Mr. Jensen said, “We believe that this study will help us to answer that question in the future. We hope that we will be able to have that answer sooner than what we’ve been able to have. But we do see this study as a necessary step in being able to answer that question.”

RHP representatives, also taking part in the meeting, noted that their primary goal in the study was to measure for pollutants and then determine whether the waste transfer site was their possible source.

“These are the things we’re asked to look at,” said Jacob Persky, a principal of the firm, speaking at the meeting. “And this is what we believe the evidence shows as the parameters [pollutants] that demonstrate the greatest likelihood of attribution to waste transfer site operations.”

He pointed to some of the study findings, displayed on a chart at the virtual meeting.

The study found significantly higher counts for nitric oxide at two of the sites and for formaldehyde at all four stations.

Formaldehyde has been classified as a carcinogenic to humans since 2004 by the International Agency for Research on

Cancer, the study noted, and nitric oxide as a respiratory irritant.

Results also showed a “statistically significant” difference between the measured ambient air concentrations across operational hours at the waste station and those measured during non-operational hours.

In the company’s final report, RHP officials said the test data can be compared with that coming in through the US EPA stations used across Cook County to monitor regional air quality and other systems in place.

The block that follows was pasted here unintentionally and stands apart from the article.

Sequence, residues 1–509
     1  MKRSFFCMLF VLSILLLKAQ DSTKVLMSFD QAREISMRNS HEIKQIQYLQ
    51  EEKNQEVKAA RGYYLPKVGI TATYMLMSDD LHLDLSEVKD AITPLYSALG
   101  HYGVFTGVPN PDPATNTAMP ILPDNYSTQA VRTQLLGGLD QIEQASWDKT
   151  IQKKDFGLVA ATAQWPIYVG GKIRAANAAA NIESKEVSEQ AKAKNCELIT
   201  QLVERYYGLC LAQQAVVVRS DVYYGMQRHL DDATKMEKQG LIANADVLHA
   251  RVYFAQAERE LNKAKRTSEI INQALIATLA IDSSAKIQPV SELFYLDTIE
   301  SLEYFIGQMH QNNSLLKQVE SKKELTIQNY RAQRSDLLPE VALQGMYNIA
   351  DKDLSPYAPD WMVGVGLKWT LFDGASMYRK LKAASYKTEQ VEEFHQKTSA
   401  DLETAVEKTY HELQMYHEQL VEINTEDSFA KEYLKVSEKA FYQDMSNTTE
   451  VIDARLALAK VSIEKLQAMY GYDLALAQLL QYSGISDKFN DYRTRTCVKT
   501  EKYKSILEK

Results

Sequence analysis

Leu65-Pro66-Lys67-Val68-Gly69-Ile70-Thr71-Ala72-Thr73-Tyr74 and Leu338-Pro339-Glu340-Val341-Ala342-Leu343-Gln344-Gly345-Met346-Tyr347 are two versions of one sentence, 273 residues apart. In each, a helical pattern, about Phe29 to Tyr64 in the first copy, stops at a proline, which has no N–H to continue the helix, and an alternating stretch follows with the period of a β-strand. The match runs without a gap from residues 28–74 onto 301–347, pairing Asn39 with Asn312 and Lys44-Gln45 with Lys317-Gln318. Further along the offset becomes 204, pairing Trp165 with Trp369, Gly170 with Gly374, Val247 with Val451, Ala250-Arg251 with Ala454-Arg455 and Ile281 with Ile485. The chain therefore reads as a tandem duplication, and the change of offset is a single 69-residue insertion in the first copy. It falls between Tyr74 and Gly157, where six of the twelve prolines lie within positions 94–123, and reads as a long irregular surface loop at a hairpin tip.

“This will allow an assessment of whether concentrations measured in this study are within the range observed for regional air quality or whether the data represents a “hot spot” influenced by a local emission source such as the waste transfer station,” the study found.

Down the road, longer term monitoring could allow the City to develop a risk assessment for air toxics such as formaldehyde, the study suggested.

At the meeting, Mr. Persky said the data might be used to answer other resident concerns, such as whether a bus parking lot or Tapecoat, a factory in the area, might be a source of the pollutants.

“This study was designed to answer a very specific set of questions regarding parameter prioritization in regard to waste transfer site operations,” he said, “but it is proper to point out that those are two good examples of ways and potential hypotheses to test in the data set to see if the data can tease out other explanations for those observation. So those are great, great observations and great examples of other ways to apply the data set.”